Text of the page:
New research on refining a public health approach to modern slavery


New research published today examines the case for a public health approach to modern slavery and identifies the key components that are considered important in enabling the anti-slavery sector to address modern slavery through a public health lens. 

The research, which includes a report, an interactive framework and a guide for anti-slavery partnerships, has been developed by the University of Sheffield, the Independent Anti-Slavery Commissioner and Public Health England.

Public health approaches have been applied to a range of socially complex and long-standing problems, for example, serious violence. A public health approach is a way of thinking and acting collectively to address a problem that can damage health and wellbeing including: understanding a problem at a population level; framing the problem as part of a complex and interdependent system; collating data and evidence of what works; being prevention focused; protecting health and well-being; encouraging multi-agency working and addressing inequalities, social justice and human rights.  

A public health approach to modern slavery offers an opportunity for coordination of effort across the anti-slavery sector. It has emerged as a promising framework for prevention, for planning at a national and local level and as a means of bringing together existing frameworks with a humane focus. This research, funded by Research England, sought to build on initial research and emerging practice in order to further refine a public health framework to address modern slavery in the UK.

To inform the research, a series of online workshops were held with stakeholders from across the anti-slavery sector and beyond. Learning from these workshops helped to devise and design a refined public health framework to address modern slavery with multiple components including national factors, regional and local factors, service design factors and service delivery factors.

The research has the following outputs:

  • The full report of findings;
  • The development of a refined interactive framework for a public health approach to modern slavery;
  • A guide for policy, strategy and local partnerships to support them in adopting a public health approach to modern slavery.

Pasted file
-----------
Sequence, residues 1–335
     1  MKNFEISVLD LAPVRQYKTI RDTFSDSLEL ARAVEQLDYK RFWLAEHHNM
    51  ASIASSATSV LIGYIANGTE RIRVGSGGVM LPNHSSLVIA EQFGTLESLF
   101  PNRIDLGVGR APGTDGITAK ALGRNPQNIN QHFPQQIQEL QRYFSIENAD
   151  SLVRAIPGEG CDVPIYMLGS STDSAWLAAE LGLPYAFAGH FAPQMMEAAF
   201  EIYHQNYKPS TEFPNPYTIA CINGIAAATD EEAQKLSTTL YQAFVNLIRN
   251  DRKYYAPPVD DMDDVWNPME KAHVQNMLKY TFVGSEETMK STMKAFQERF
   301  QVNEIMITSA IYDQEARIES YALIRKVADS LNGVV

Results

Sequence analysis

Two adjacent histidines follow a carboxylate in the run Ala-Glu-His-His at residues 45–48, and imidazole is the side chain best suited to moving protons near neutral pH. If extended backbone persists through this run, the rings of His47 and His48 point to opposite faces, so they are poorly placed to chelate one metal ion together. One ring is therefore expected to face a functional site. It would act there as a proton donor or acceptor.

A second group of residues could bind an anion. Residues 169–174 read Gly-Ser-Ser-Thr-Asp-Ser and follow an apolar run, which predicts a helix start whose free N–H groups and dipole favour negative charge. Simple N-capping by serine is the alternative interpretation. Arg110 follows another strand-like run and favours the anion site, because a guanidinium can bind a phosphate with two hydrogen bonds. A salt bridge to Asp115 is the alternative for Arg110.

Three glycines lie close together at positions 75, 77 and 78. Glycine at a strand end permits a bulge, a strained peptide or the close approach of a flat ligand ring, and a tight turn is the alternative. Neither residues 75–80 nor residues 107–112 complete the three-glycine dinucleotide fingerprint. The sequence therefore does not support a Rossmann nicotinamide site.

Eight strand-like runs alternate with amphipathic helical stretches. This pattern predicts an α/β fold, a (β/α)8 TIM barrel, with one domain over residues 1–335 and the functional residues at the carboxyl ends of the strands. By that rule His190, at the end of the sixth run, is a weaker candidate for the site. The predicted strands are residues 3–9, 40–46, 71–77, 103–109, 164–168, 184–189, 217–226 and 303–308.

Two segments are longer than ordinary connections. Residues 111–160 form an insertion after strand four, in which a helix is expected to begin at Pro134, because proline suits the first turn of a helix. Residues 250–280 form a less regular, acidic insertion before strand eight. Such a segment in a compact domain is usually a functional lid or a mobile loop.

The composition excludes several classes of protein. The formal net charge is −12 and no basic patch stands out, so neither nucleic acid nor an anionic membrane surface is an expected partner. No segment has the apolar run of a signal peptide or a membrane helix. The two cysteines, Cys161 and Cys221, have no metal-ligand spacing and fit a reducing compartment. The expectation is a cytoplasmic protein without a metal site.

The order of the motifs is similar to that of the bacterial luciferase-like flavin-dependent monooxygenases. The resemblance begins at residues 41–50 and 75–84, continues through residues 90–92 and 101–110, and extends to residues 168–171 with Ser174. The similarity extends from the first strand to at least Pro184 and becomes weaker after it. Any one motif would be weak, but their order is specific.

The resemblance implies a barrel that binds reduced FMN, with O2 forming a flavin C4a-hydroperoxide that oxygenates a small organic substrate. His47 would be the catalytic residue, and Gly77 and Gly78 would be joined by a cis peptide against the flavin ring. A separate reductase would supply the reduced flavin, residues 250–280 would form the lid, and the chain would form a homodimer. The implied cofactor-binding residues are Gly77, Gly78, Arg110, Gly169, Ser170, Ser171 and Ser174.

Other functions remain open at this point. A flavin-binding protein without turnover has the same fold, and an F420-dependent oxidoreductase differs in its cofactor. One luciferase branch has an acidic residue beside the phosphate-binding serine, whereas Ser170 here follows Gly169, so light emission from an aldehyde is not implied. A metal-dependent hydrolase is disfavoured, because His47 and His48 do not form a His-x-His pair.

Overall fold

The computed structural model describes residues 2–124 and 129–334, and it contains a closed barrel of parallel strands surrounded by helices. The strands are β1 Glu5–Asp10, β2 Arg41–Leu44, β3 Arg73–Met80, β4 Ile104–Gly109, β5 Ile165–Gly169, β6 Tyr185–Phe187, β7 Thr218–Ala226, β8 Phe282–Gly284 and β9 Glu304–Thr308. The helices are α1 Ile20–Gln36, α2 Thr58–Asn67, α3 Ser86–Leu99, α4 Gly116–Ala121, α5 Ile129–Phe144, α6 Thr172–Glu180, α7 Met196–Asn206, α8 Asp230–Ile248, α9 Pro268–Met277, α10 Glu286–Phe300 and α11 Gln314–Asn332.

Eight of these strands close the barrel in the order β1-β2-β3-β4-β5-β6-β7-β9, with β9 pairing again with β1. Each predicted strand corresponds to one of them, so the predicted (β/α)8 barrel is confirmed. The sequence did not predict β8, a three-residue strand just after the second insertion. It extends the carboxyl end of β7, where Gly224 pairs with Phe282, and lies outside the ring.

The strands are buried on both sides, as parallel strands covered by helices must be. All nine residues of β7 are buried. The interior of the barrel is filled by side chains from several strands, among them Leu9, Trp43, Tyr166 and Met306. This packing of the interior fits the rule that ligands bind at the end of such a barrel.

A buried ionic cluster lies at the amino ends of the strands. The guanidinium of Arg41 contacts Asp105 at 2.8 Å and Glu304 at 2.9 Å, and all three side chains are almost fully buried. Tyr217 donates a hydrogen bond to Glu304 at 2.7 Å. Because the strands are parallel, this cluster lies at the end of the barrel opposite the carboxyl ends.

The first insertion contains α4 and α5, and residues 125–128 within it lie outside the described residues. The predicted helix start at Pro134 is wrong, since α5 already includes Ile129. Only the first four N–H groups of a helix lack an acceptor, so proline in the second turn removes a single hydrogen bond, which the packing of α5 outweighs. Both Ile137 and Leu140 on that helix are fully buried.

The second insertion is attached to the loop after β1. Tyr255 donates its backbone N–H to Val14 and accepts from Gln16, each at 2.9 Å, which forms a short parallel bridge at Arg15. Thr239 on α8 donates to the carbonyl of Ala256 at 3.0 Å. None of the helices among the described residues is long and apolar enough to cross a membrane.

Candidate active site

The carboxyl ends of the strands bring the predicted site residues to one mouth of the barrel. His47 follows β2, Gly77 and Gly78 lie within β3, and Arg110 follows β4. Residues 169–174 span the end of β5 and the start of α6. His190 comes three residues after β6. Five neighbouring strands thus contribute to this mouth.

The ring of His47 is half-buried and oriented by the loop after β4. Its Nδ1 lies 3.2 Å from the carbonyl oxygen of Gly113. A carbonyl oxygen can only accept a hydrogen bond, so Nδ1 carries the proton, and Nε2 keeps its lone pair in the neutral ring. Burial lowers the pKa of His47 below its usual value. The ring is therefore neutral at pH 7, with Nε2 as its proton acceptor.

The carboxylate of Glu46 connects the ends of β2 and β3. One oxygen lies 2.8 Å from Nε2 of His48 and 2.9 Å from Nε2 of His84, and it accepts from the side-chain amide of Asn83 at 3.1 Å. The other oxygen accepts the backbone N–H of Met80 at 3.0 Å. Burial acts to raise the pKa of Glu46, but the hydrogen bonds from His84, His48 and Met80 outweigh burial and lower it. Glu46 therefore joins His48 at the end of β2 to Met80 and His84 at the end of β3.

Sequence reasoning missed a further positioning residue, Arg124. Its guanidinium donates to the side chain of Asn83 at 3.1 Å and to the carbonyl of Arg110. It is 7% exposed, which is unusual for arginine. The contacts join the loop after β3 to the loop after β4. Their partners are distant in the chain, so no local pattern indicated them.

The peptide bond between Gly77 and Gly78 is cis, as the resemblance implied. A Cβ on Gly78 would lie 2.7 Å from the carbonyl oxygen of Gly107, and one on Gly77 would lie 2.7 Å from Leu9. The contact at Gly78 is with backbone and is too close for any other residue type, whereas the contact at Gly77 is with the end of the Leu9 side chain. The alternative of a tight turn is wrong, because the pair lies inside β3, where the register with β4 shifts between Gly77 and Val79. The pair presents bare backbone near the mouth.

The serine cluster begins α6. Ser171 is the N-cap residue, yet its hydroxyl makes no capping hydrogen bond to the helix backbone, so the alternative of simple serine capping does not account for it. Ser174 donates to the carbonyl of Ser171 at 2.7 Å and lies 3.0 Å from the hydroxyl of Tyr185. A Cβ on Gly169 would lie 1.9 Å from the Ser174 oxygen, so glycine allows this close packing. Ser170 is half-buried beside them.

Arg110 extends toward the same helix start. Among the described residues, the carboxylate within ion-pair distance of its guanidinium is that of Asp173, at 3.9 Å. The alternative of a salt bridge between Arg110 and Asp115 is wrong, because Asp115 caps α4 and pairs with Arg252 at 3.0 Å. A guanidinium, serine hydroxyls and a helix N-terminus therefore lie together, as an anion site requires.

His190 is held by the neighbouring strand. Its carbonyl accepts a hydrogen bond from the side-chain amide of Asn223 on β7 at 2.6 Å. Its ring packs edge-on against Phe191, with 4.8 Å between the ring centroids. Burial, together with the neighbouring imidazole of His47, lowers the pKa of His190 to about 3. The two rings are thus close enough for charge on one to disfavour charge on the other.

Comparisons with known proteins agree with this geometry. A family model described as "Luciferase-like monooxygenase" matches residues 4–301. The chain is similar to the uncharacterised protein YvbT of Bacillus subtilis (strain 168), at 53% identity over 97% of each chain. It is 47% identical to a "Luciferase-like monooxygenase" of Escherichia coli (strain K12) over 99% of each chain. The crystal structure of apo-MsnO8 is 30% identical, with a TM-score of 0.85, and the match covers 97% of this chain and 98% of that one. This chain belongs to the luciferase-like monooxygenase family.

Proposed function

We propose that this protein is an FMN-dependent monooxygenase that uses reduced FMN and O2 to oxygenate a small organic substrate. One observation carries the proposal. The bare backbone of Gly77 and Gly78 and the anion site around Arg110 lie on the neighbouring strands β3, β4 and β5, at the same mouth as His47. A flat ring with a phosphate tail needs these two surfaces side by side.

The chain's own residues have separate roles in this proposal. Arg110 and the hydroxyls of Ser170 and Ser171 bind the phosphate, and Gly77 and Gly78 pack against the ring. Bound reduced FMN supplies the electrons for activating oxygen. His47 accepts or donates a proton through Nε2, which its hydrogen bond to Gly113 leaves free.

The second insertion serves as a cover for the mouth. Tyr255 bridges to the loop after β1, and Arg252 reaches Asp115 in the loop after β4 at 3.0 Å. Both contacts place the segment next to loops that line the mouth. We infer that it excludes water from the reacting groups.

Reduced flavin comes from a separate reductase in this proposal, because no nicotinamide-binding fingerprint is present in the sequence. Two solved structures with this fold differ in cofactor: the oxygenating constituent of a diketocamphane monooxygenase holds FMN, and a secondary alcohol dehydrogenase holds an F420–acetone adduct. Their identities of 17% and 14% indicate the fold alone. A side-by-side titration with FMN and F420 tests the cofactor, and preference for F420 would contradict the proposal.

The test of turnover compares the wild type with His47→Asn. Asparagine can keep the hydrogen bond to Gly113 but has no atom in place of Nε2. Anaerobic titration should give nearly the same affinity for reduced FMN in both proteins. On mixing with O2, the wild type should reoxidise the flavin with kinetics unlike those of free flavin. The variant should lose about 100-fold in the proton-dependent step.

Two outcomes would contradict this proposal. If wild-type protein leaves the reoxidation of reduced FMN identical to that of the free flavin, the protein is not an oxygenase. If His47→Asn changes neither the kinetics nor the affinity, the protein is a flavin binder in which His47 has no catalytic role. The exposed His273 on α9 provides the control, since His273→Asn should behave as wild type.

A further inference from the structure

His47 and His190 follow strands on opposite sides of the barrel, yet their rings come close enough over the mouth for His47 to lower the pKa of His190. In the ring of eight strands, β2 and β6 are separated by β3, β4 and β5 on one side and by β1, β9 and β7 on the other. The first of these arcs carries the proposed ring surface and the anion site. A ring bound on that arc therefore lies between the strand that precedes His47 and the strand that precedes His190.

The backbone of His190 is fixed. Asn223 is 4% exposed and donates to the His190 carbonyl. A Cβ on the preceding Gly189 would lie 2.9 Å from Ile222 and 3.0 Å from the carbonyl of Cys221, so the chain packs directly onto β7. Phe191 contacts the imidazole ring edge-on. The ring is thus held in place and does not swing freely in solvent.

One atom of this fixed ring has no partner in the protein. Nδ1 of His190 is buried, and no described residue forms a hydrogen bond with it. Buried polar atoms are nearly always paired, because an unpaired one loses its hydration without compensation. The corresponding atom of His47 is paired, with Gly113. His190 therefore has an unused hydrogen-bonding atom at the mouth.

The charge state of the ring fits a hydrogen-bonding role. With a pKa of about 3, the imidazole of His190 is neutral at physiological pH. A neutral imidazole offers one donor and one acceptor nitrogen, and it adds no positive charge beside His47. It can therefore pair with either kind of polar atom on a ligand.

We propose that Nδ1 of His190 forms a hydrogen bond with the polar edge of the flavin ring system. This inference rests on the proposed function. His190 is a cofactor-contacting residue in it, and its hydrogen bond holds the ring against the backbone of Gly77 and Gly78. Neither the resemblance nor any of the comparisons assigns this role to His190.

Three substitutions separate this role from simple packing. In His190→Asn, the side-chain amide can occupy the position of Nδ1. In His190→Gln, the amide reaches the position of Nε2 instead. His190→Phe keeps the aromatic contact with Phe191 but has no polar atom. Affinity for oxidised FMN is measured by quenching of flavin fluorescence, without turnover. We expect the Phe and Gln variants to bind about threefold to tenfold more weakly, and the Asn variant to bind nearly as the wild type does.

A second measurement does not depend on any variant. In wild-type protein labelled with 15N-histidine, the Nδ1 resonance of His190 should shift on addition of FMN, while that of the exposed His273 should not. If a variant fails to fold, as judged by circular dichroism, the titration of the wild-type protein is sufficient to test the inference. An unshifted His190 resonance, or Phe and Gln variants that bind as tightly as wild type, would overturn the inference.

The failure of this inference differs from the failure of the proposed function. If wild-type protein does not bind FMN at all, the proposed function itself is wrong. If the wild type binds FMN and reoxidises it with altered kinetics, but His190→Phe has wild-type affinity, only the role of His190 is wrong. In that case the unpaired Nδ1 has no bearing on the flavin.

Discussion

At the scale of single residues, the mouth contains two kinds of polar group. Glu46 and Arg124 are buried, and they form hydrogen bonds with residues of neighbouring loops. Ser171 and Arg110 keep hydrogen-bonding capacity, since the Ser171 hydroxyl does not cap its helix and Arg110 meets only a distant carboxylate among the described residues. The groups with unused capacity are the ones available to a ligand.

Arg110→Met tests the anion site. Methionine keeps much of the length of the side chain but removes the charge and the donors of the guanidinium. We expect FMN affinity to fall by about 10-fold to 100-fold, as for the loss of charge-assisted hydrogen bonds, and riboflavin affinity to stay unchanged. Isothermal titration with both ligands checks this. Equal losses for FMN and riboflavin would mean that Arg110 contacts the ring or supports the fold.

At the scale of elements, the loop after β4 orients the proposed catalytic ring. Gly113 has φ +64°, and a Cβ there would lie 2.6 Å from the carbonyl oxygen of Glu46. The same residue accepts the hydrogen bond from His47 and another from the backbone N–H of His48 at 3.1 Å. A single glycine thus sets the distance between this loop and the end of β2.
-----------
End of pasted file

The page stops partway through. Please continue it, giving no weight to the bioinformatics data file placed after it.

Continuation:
Read the report: Refining a public health approach to modern slavery

View the interactive framework and partnerships guide: A public health approach to modern slavery


Dame Sara Thornton, Independent Anti-Slavery Commissioner, said:

“With its focus on prevention, multi-agency working and evidence of what works, a public health approach has considerable value to add to anti-slavery efforts. I am delighted that my office has been able to work collaboratively with the University of Sheffield and Public Health England to build on the emergent research and produce this refined framework for a public health approach to modern slavery.

Anti-slavery partnerships have an important role in driving anti-slavery activity at a local and regional level. I am aware that some partnerships have already undertaken efforts to adopt a public health approach, however this is not yet embedded within partnerships across the UK. 

From an early stage, all partners involved in the research therefore agreed it was essential to develop a tool to support anti-slavery partnerships in delivering a public health approach in practice. I hope that the Guide for policy, strategy and local partnerships is a helpful resource which enables partnerships to reflect on their current work and challenge themselves to think about where they can carry out activity to prevent modern slavery.”


Dr Liz Such, NIHR Research Fellow at the University of Sheffield, said:

“This work offers anti-slavery partnerships support to prevent modern slavery across their local system. Much of it will look familiar: working together, building in good service design and delivery. But it also helps local anti-slavery partnerships take a strategic overview of prevention activity and build their own, locally relevant response. 

The tools describe different levels of prevention that will help partnerships plan and deliver services strategically as well as identify gaps in provision or delivery. Importantly, this work makes it clear that a public health approach can be for everyone working to prevent modern slavery. Research participants felt it was something the sector could gather around together to better meet the needs of affected people and communities. Now we have put this resource together, I’m looking forward to seeing it implemented, evaluated and refined further.”


Rosanna O’Connor, Interim Director for Health Improvement at Public Health England, said: 

“Public health professionals have for a long time recognised how taking a public health approach can help tackle complex problems. This ground-breaking work is a unique opportunity to share experience and knowledge with other partners to help prevent exploitation and slavery and the devastating harm it causes.  

One of Public Health England’s key missions is to reduce health inequalities and this requires a specific focus on those groups who are most vulnerable. Preventing modern slavery from occurring and supporting people out of exploitative situations will greatly contribute to this mission.”